The original concept for this article was firearms that were silly, useless, and laughable. And there is a good dose of that here. But the fact is, some of these guns made perfect sense at the time, although maybe things didn’t work out as planned. In any case, here are six of the strangest firearms ever put into production.
1. The Krummlauf (STG-44) Assault Rifle
Krummlauf means “curved barrel,” and refers to a barrel-and-periscopic-sight combination with a 30-degree bend that could be fitted to a standard Sturmgewehr 44 assault rifle. It allowed the gun to shoot around corners without exposing the shooter, and was intended for tank crews.
As World War II progressed, infantrymen were increasingly able to take out panzers on a regular basis if they could get right up to the tank and did not care especially about surviving.
German tanks counted on their own infantry to keep potential heroes out of range, and if this didn’t work out, they hosed down each other’s hulls. But sometimes that was not enough. Thus, the idea for the Krummlauf. A tank commander could unbutton his hatch, shoot whoever was trying to blow him up, and button up again, all without being exposed to bullets and other inconveniences.
The Krummlauf never really got all the bugs worked out of it. Bullets shattered inside the barrel, and barrels lasted only 300 rounds or so. I couldn’t find any reference to how many were made. The answer is probably, not a lot. After 1943, life inside a Panzer was no bed of roses. It was also short.
2. The 3-Gauge Kiln Gun
In the course of my visit to the now-gone-and-much-lamented Julia Auction House, I was shown a monstrous 3-gauge shotgun and asked to identify it, which I could not. At 5 feet long and 50 pounds, it was too small to be a punt gun and way too big to be a conventional game gun.
It was a kiln gun, and I did not know that such a thing existed. Steel mills, after the molten metal was poured from their kilns, found the enormous vats encrusted with slag, which is the stony residue that results when metal is melted out of its ore. The mills discovered they could get rid of it by sending men into the kilns with hammers—or they could blast the slag into dust with a shotgun. Thus, the kiln gun, which fired a monstrous charge of No. 12 shot through a slot in the kiln and did the job in an instant.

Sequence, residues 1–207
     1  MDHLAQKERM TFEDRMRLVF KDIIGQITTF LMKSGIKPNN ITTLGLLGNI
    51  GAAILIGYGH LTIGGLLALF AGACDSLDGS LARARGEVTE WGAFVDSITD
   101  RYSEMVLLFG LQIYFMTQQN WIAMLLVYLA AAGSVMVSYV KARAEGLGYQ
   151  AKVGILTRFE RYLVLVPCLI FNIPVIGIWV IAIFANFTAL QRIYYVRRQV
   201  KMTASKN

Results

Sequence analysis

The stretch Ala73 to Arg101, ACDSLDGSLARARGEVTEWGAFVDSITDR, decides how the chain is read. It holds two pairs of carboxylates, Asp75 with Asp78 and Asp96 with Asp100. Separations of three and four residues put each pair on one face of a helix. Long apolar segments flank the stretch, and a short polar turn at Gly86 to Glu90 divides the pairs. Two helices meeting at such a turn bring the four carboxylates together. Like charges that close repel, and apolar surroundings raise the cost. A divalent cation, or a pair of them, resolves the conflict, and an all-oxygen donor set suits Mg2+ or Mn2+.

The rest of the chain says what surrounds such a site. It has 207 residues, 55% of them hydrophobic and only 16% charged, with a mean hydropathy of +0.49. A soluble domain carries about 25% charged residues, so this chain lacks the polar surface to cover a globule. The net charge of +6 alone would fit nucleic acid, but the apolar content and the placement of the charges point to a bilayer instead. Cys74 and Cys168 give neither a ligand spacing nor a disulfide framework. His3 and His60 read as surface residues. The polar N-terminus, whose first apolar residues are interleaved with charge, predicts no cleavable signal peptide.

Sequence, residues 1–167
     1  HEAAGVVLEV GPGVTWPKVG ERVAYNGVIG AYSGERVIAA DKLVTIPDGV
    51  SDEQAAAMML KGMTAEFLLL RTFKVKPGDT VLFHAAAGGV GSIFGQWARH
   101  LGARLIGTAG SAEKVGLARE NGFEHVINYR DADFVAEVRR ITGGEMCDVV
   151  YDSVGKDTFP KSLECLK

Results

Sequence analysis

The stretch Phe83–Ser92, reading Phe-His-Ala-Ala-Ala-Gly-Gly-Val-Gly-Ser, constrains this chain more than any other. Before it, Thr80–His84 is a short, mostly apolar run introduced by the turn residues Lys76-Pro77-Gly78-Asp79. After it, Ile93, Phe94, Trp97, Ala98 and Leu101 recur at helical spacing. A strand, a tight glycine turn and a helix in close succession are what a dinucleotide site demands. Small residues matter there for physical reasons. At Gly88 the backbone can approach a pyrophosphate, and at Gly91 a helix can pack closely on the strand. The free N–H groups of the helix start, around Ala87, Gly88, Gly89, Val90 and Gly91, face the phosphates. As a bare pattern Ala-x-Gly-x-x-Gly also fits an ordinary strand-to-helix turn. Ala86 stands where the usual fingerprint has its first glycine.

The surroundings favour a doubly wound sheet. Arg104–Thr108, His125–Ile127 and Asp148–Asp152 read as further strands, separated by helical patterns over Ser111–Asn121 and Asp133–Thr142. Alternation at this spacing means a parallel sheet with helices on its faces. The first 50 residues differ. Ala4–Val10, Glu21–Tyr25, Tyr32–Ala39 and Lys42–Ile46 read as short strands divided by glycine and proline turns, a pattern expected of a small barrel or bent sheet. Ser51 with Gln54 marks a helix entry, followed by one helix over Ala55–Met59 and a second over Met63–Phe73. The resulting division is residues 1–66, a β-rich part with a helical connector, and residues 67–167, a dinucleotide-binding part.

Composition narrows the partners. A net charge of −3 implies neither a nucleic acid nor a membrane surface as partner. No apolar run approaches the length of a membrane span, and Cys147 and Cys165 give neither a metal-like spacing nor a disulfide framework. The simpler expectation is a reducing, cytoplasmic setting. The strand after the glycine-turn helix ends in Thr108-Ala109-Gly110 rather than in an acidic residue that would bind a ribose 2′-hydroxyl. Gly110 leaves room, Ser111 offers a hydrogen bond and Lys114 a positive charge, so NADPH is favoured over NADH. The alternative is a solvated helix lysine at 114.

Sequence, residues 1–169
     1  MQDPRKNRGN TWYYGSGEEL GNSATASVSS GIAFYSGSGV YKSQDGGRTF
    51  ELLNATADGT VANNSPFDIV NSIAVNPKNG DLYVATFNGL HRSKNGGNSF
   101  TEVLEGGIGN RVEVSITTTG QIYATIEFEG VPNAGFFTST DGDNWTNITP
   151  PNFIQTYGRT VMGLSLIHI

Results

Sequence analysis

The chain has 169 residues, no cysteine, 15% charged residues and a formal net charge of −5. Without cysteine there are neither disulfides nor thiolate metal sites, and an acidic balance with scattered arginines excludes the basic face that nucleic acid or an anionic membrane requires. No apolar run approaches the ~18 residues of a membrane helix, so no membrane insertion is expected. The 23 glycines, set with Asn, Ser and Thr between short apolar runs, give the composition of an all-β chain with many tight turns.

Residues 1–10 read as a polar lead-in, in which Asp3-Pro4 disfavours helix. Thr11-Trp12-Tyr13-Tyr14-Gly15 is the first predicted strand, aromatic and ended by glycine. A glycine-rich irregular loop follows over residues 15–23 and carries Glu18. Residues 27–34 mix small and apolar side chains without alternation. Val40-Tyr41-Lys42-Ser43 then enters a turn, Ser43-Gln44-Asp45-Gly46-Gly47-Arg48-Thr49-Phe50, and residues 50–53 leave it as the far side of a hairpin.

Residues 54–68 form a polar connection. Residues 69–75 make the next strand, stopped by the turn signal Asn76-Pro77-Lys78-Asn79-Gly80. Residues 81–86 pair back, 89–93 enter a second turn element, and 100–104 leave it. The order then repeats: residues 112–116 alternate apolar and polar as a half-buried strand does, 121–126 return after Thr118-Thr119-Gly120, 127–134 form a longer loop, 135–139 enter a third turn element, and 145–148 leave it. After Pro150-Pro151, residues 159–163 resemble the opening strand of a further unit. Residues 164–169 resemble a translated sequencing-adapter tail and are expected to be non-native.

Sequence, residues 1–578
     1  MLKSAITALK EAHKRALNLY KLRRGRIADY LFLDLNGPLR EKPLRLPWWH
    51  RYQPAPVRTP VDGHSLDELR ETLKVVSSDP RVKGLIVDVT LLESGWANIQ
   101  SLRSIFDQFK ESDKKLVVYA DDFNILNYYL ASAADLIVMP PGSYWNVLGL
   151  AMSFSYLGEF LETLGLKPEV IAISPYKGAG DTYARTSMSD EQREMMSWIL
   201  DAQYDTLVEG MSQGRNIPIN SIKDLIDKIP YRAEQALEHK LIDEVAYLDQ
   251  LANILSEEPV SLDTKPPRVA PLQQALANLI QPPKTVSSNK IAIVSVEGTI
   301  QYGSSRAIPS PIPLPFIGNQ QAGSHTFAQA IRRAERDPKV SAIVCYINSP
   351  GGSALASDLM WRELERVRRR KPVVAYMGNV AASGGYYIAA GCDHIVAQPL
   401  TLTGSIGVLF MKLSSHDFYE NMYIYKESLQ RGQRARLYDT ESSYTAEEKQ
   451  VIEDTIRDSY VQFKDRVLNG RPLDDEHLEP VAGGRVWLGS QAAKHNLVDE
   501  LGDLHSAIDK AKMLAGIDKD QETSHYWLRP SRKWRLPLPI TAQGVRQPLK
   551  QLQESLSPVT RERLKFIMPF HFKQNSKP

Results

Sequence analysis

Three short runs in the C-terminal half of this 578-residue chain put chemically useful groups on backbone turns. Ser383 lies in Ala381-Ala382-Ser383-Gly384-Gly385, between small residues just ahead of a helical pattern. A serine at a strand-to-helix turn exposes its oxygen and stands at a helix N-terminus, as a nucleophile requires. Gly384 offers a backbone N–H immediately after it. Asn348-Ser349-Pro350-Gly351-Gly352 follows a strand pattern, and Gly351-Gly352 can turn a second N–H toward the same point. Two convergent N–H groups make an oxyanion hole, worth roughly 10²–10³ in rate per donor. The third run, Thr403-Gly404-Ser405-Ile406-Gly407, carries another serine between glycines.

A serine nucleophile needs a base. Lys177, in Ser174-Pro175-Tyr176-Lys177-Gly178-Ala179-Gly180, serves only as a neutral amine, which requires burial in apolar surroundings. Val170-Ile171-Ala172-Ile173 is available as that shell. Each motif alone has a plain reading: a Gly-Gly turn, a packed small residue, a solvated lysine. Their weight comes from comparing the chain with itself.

Kiln guns are still made today, although they look nothing like conventional firearms, and are 8 gauge instead of 3. The modern load fires a 3-ounce slug at 1,750 fps, and develops 9,000 foot-pounds of energy. A modern kiln gun weighs around 220 pounds and has a useful life of a quarter-million rounds. They are fired parallel to the kiln walls to avoid punching holes in it.
3. The A-Square .577 T-Rex
A-Square was the brainchild of Lt. Col. Art Alphin (Armor/USA), who, while an instructor at West Point, began building dangerous-game rifles chambered for standard cartridges and for his own line of proprietary rounds. Alphin retired from the Army in 1997 and went into the gun biz full time. His rifles were distinguished by their massive stocks, which he claimed helped to dissipate their godless recoil.
His masterpiece was the .577 Tyrannosaur, or T-Rex, which was developed in 1993 at the request of two Zimbabwe professional hunters (never named, as far as I know) who wanted a stopping rifle that would stop anything. The T-Rex is all of that. It fires a 750-grain bullet at an honest 2,450 fps and produces 10,180 foot-pounds of muzzle energy. Recoil is 172 foot-pounds in a 13-pound rifle. To put this in perspective, a .458 Lott generates about 73 foot-pounds in the same weight gun, and is far too much for all but experienced shooters.